STATE AID TO THE COAL INDUSTRY
Commission Report on the application of the Community rules for state aid to the coal industry in 1998 and 1999.
||Trade and Industry|
|Basis of consideration:
||Minister's Letter of 6 December 2000
|Previous Committee Report:
||HC 23-xxvii (1999-2000), paragraph 8 (25 October 2000)
|To be discussed in Council:
||No date known|
||Cleared; but further information requested
6.1 On 25 October 2000, we reported on the
Commission's report on the application of the Community rules
for state aid to the coal industry in 1998 and 1999. It is an
annual report. The previous report, made in 1999, we recommended
for debate in European Standing Committee C, and this took place
on 9 February 2000. This year's report reached the same main conclusion
as the previous year's that the aid regime is not working
as intended, at least in respect of operating cost. The Minister
told us that the Government would continue to press the Commission
to ensure that operating aid is paid only to those undertakings
which can demonstrate that they can become competitive within
a reasonable period of time, and that undertakings which cannot
demonstrate this should be given closure aid only. We asked the
Minister a number of questions relating to aid given to German
and French undertakings. State aid to coal undertakings is given
under the provisions of the European Coal and Steel Community
(ECSC) Treaty, which expires in 2002. We asked the Minister whether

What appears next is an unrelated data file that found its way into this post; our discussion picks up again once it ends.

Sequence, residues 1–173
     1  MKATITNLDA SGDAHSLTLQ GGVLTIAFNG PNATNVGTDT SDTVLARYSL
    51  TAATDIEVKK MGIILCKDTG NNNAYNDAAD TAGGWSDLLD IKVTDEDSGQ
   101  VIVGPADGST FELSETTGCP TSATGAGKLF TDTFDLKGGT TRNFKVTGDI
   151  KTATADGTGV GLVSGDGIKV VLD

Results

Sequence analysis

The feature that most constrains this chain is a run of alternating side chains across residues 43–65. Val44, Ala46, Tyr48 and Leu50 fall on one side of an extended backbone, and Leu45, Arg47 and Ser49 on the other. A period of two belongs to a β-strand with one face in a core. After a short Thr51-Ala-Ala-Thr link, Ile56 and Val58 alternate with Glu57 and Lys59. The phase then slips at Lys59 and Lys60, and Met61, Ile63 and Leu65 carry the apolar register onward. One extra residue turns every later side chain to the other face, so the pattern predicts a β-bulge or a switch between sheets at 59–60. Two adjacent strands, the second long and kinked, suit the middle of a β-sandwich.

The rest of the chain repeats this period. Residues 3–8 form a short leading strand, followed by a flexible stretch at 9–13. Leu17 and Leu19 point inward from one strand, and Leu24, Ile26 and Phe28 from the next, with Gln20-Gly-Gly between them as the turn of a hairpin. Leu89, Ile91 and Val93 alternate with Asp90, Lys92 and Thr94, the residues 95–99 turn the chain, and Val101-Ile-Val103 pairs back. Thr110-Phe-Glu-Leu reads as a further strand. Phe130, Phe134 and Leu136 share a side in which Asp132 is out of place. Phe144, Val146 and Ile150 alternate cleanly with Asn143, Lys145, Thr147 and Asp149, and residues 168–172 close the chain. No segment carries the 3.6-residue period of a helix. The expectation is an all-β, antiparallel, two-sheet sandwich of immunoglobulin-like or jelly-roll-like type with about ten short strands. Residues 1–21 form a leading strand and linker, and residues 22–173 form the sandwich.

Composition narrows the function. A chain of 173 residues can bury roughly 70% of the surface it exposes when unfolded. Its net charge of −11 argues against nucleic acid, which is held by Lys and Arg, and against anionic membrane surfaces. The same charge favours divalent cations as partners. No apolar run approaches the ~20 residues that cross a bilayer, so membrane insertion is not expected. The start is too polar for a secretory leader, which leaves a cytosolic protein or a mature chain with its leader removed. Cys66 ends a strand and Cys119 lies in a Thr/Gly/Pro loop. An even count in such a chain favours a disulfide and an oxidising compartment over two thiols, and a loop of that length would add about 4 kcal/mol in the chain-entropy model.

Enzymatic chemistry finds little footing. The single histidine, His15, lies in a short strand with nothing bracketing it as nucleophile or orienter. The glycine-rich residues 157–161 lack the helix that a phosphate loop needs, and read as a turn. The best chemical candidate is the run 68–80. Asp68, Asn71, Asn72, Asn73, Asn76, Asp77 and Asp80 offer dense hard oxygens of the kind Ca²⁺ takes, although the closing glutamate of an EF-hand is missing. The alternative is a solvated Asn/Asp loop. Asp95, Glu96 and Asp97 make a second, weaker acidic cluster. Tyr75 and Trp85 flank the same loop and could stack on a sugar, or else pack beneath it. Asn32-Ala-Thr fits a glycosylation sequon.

commitments could be made under that Treaty for aid in subsequent
years and whether consideration had yet begun about any successor
arrangements specific to this industry. We also asked about the
Government's proposals to provide state aid to the UK industry.
6.2 In her letter of 6 December, the Minister
of State for Energy and Competitiveness in Europe (the Rt. Hon.
Helen Liddell) has replied to our questions as follows.
"German operating aid
"The Committee asked whether I was satisfied
that the Commission is properly applying the criteria for operating
aid in respect of Germany; and, if not, what action the Government
"The Government has made it clear that we would
like to see the rules for state aid, including the requirements
properly applied to German coal state aid. We understand that
this is the Commission's policy too. There have been recent discussions
between the Commission and the German Government, and we will
be interested to see the outcome. We have made it clear to the
Commission that we expect to see the state aid rules properly
applied to all coal state aids.
"The UK proposals for operating aid
[The Committee asked about the Government's proposal
to give aid to the UK industry.]
"The UK Coal Operating Aid Scheme, as submitted
to the European Commission on 26 July, was approved by the Commission
on 15 November. Individual subsidy payments now need approval
and the Commission initially has 3 months to consider applications
once we submit them. Four applications (for Longannet, Maltby,
Harworth and Rossington collieries) have already been submitted
and we hope to submit further applications in the near future.
"Following a debate on the floor of the House,
on 22 November the Commons authorised the Secretary of State to
pay, or undertake to pay, by way of financial assistance under
section 8 of the Industrial Development Act 1982, and in respect
of coal mining qualifying for aid under the UK Coal Operating
Aid Scheme, sums exceeding £10 million for each of Hatfield
Coal Company Ltd, Mining (Scotland) Limited and RJB Mining Plc.
In the debate, I also explained that the Government anticipated
paying sums of less than £10 million to a number of other
applicants for aid.
"The Committee noted that the Commission